5 Written Questions
5 Matching Questions
- party realignment
- open primaries
- proportional representation
- responsible party model
- rational choice theory
- a a view favored by some political scientists about how parties should work. According to the model, parties should offer clear choices to the voters, who can then use those choices as cues to their own preferences of candidates. Once in office, parties would carry out their campaign promises.
- b elections to select party nominees in which voters can decide on Election Day whether they want to participate in the Democratic or Republican contests.
- c a popular theory in poli sci to explain the actions of voters as well as politicians. It assumes that individuals act in their best interest, carefully weighing the the costs and benefits of possible alternatives
- d the displacement of the majority party by the minority party, usually during a critical election period
- e an electoral system used throughout most of Europe that awards legislative seats to political parties in proportion to the number of votes won in an election.
5 Multiple Choice Questions
- When two or more parties join together to form a majority in a national legislature. This form of government is quite common in the multiparty systems of Europe.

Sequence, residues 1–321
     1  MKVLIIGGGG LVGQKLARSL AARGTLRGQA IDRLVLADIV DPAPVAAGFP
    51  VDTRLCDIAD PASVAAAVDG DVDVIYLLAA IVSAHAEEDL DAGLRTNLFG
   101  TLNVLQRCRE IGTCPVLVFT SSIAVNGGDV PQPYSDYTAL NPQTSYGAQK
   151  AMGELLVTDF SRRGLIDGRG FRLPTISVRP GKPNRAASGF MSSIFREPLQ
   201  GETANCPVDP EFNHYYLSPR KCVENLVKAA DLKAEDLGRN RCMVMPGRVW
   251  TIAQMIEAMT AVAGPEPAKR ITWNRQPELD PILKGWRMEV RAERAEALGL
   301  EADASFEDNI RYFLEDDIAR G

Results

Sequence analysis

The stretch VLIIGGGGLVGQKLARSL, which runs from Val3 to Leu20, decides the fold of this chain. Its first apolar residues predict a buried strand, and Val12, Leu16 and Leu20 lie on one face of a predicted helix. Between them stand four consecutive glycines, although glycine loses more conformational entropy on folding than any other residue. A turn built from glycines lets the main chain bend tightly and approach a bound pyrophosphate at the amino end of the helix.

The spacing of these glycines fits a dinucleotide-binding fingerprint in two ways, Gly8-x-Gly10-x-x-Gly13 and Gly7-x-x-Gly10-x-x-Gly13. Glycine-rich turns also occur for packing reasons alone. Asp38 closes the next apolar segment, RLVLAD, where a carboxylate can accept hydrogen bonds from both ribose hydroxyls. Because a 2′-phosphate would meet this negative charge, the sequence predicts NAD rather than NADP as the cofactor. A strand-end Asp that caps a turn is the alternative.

- elections to select party nominees in which voters are presented with a list of candidates from all the parties. Voters can then select some Democrats and some Republicans if they like.
- one of the key inducements used by party machines. A patronage job, promotion, or contract is one that is given for political reasons rather than for merit or competence alone.
- person responsible for the day-to-day activities of the party and is usually hand-picked by the presidential nominee.
- forged by the Democrats who dominated American politics from the 1930's to the 1960's. its basic elements were the urban working class, ethnic groups, Catholics and Jews, the poor, Southerners, African Americans, and intellectuals.
5 True/False Questions
coalition → a group of indiciduals with a common intrest upon whcih every political party depends
winner-take-all system → an electoral system in which legislative seats are awarded only teh candidates who come in forist in their constituencies in american presidental electons the sysstem in which the winner of the popular cote in a state recieves all the electoral votes of that state
party dealignment → the displacement of the majority party by the minority party, usually during a critical election period
third parties → electoral contenders other than the two major parties. American third parties are not unusual, but they rarely win elections.
linkage institutions → voting with one party for one office and with another party for other offices